With Oscar Wilde’s story at its core, Constance Cox’s play is ripe with laughs, wit, class commentary, and manslaughter built into the script.  While most of Lord Arthur’s circle – those who are privy to his murderous task – are willing and enthusiastic cohorts, the skeptical opposition to his hapless task is Lady Merton, played by Jessica Rasp, who steadily and dryly delivers her criticism of Arthur and the less than noble pursuits of society with all the motivation that you’d expect of a protective mother of the bride-to-be.  Rasp has a presence on stage that delivers, convincingly played against the murderous and hapless undertakings of the characters central to the crime.

But make no mistake those murderous characters hold their own as well.  Most notably the anarchist, Herr Winkelkopf, played by a talented Finnegan Lasch.  His Winkelkopf character is a murder loving, high stepping, “near-do” well at his craft, whose enthusiasm for murder is unmatched, but his effectiveness in carrying it out don’t exactly match his boastful claims.  A sort of bomb-toting hitman with an explosive personality and desire to kill. Lasch is plenty up to the task of bringing him to life. And “to life” is an understatement. Lasch is animated, verbally and non-verbally, prances about the stage, delivers his script with enthusiasm and seeming joy.  He kills his role, and the audience along with it. Lasch is a high school junior, no less, and so well embodied the murder-lover Winkelkopf that at times it seemed he had some of his cast mates on the verge of laughter.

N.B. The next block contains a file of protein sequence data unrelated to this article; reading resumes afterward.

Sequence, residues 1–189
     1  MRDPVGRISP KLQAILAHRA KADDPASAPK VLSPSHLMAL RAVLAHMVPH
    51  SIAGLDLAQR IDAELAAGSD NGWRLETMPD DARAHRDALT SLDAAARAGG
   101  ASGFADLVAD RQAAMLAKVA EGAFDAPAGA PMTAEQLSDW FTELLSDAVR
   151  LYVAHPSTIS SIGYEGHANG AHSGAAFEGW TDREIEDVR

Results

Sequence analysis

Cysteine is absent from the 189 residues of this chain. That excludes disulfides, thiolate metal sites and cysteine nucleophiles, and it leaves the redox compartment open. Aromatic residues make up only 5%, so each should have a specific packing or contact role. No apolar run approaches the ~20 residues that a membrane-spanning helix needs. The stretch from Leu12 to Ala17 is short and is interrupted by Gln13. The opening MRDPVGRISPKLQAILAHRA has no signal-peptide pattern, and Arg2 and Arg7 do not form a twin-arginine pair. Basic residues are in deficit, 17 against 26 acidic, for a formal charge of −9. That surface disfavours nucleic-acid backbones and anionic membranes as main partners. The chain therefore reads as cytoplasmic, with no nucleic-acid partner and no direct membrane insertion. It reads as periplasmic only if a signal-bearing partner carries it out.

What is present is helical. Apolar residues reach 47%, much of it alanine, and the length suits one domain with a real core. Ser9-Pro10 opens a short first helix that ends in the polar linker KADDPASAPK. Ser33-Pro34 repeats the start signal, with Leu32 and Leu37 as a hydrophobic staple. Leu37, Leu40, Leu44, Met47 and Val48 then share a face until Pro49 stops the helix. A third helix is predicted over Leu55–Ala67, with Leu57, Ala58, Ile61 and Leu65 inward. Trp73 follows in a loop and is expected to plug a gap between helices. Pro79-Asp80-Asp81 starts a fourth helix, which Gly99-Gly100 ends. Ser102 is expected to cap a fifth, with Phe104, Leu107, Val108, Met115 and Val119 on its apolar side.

The cast as a whole is a mix of relative newcomers and veterans to AP.  All have shining moments. Another honorable mention should be Colin Fleming-Stumpf’s portrayal of Mr. Podger.  Fleming-Stumpf creates an air of quirky, friendly eccentricity early in the play, then transforms it to the calculating and devious reader of palms seamlessly.  And Monish Bhattacharyya, in the role of Baines, the butler, balances nicely the role of loyal servitude to Arthur, while his willingness to enable the murderous plot is to suggest Baines’ own view of class and privilege.  

AP’s production overall slays it – “it” being the script, the production, casting, acting, the entertainment factor, and the audience.   It’s consistently humorous, hilariously funny at times, and it never backs away from that. Elements of Wilde’s story can be marked by some of social commentary and parody of class, and that remains timeless.  So does funny. And “Lord Arthur Savile’s Crime” by Aurora Players is an evening well spent for all of those reasons.